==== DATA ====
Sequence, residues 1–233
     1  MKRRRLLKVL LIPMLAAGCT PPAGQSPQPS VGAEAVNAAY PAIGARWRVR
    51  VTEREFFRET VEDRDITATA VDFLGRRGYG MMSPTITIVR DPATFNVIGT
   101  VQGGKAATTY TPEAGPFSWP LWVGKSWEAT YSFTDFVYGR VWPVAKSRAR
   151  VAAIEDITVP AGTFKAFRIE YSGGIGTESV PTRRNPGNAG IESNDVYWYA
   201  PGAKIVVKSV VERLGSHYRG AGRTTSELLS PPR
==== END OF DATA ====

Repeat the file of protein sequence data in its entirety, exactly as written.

Sequence, residues 1–233
     1  MKRRRLLKVL LIPMLAAGCT PPAGQSPQPS VGAEAVNAAY PAIGARWRVR
    51  VTEREFFRET VEDRDITATA VDFLGRRGYG MMSPTITIVR DPATFNVIGT
   101  VQGGKAATTY TPEAGPFSWP LWVGKSWEAT YSFTDFVYGR VWPVAKSRAR
   151  VAAIEDITVP AGTFKAFRIE YSGGIGTESV PTRRNPGNAG IESNDVYWYA
   201  PGAKIVVKSV VERLGSHYRG AGRTTSELLS PPR